Agape Care Insight
Helpful tips for family caregivers
Save yourself, and your family member, from unnecessary problems. As they say, “An ounce of prevention is worth a pound of cure!”
Avoiding surgery on the wrong body part
Surgical errors are alarmingly common. They can include the wrong procedure or the wrong person. Or surgery on the wrong body part, such as the left hip instead of the right! The government calls these errors “never events,” because they shouldn’t ever happen.
The good news? Communication is the best prevention. You can play a well-defined role in ensuring your loved one doesn’t become the wrong kind of statistic!
Use the following guide to support your relative on the day of surgery, in either an office or hospital setting.
- Ask about surgical protocol. Inquire about the steps or checklist the doctor and his or her team use to prevent errors. The best answer is the “Universal Protocol” issued by the Joint Commission.
- Read the consent form thoroughly. In addition to checking the name of the patient on the consent form, double-check the name of the proposed procedure. Make sure it’s the one you expect to be performed! If appropriate, note the specific site (right or left hip, for example). Ask questions about anything you don’t understand.
- Verify your relative’s name and date of birth. Throughout the preoperative process, whenever a member of the staff comes in to do something, he or she should ask for identifying information and check the patient’s wrist ID bracelet. If they don’t, you can offer your loved one’s name and date of birth to double-check.
- Request “site marking.” This step is crucial. Ideally, site marking occurs while the patient is still awake. Specifically, the surgeon should mark and initial the surgical site with a pen, literally on your relative’s body (that right hip!). If your loved one is already under anesthesia, insist on witnessing this step yourself.
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Choosing an elder law attorney
Elder law attorneys focus on issues concerning aging and illness. They provide expert advice so their clients are not caught unprepared. They also create legal documents to protect their clients’ wishes and rights. An elder law attorney can help with
- planning for long-term care. This ensures one person’s need for care does not bankrupt the other family members.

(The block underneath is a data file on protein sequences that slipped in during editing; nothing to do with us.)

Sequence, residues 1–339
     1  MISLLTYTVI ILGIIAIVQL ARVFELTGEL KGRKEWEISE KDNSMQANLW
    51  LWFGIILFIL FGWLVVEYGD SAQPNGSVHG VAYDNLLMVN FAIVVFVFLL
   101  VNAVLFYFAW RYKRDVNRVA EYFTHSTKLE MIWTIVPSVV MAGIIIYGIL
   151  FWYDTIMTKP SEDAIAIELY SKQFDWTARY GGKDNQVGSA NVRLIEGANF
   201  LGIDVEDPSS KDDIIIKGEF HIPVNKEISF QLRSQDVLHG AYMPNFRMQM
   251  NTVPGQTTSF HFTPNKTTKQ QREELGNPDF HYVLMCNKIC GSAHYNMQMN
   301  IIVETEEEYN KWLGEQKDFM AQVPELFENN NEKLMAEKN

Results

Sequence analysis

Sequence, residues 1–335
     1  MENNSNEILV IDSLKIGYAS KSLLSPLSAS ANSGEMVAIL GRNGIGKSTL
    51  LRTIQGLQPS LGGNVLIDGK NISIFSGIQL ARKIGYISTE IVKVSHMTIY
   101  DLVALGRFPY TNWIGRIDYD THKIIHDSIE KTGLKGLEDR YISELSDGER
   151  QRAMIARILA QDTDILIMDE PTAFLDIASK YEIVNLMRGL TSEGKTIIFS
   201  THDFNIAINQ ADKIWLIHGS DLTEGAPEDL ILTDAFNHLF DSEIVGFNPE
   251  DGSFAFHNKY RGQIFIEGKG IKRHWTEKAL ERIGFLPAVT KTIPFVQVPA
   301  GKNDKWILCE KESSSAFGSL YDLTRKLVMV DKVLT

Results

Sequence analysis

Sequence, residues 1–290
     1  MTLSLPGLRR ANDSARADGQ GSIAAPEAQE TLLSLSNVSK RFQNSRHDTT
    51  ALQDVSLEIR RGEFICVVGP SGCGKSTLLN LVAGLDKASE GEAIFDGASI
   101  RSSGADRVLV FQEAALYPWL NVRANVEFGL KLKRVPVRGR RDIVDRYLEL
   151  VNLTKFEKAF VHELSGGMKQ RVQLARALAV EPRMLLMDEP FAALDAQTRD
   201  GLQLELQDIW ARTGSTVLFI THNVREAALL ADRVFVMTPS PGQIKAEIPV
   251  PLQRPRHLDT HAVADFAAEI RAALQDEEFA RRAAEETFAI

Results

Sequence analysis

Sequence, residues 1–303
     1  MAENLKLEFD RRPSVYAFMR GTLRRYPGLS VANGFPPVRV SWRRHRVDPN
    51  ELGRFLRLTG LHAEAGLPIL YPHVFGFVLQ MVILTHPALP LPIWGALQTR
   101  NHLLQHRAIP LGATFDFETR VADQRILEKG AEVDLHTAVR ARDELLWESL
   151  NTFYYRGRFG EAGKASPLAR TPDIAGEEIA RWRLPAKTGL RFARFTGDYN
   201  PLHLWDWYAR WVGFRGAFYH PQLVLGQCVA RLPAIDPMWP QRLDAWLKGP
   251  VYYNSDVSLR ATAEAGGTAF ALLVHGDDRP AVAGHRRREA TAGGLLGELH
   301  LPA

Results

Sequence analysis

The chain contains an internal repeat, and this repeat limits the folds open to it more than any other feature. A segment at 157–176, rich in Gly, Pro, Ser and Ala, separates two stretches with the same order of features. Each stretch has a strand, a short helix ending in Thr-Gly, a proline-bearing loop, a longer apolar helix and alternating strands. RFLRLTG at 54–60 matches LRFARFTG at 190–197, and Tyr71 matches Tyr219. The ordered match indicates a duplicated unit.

- review of contracts from long-term care facilities. Make sure your loved one fully understands the cost and what care is and isn’t provided. Also, it’s important to clarify the conditions for having to leave the facility.
- eligibility for public benefits (Medicaid, Social Security, care and assistance for veterans). Elder law attorneys understand the programs and the laws. They may be able to offer advice that increases the likelihood that applications will be accepted with maximum benefits.
- wills and estates. These legal documents spell out who inherits what. They help prevent costly court hearings after a death.
- negotiating claims. An elder law attorney can represent your loved one in conflicts with long-term care facilities, Medicare, or long-term care plans.
To find an elder law attorney:
- Seek referrals. Ask your friends, clergy, or tax accountant for recommendations.
- Gather information. Contact the lawyer’s office. Ask about years in practice and typical cases. Those highly focused on elder law belong to the National Academy of Elder Law Attorneys. Or they may list themselves as a Certified Elder Law Attorney.
- Request an initial interview. Describe your situation. Ask how often the attorney has handled something similar, and what is recommended. Ask about the cost. Does the lawyer seem to appreciate your concerns? Is the attorney talking in terms you can easily understand? Does it feel like a good fit?
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When Mom is really mean
Aging brings with it many losses. Some seniors feel enraged by these changes, and others are terrified by the lack of control. Sadly, when people feel backed into a corner, they often “let fly” with the safest person: the caregiving family member. If spending time with your relative leaves you feeling worthless, picked on, or controlled, that’s cause for concern. And action.
In the extreme, your relative’s angry or controlling behavior may constitute emotional abuse:
- Threats and demands. “If you don’t spend the night, I won’t get out of bed. I’ll just lie here wet.”
- Humiliation. “A 10-year-old could do it better.”
- Dominance and isolation. “If you go to work, I’ll know you don’t really care about me.”
- Blame. “Since you started giving me my pills, I haven’t felt good. You must not be doing it right.”
Whatever the cause, you don’t have to just “take it.” It’s not healthy for you, and it doesn’t really benefit your loved one either. Try these strategies instead:
- State your concern. “Mom, I’m walking on eggshells around you these days. It seems the littlest thing sets you off. Is there something bothering you that I can help with?”
- Respect yourself and set a limit. “From now on, Mom, whenever [xyz] happens, I’m going to stop what I’m doing and leave.” (Then follow through, each and every time!)
- Protect yourself. For example, you might oversee your relative’s care but hire a geriatric care manager to handle tasks involving direct contact.
- Get support. Take breaks. Get help maintaining perspective: Your family member’s behavior is not your fault. Attend a caregiver support group. Take respite breaks to refresh your spirit.
Is your relative’s demanding behavior new? If so, get him or her a full medical exam. Such symptoms can indicate depression or the onset of dementia. Medical treatment may help.
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